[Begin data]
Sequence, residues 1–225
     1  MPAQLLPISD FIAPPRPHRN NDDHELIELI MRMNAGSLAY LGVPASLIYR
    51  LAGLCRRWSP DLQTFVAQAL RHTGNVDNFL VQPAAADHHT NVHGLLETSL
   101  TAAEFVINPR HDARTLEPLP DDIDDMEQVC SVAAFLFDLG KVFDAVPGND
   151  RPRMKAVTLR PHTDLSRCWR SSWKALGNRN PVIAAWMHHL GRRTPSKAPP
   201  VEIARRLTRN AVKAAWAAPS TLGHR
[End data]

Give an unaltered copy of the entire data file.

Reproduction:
Sequence, residues 1–225
     1  MPAQLLPISD FIAPPRPHRN NDDHELIELI MRMNAGSLAY LGVPASLIYR
    51  LAGLCRRWSP DLQTFVAQAL RHTGNVDNFL VQPAAADHHT NVHGLLETSL
   101  TAAEFVINPR HDARTLEPLP DDIDDMEQVC SVAAFLFDLG KVFDAVPGND
   151  RPRMKAVTLR PHTDLSRCWR SSWKALGNRN PVIAAWMHHL GRRTPSKAPP
   201  VEIARRLTRN AVKAAWAAPS TLGHR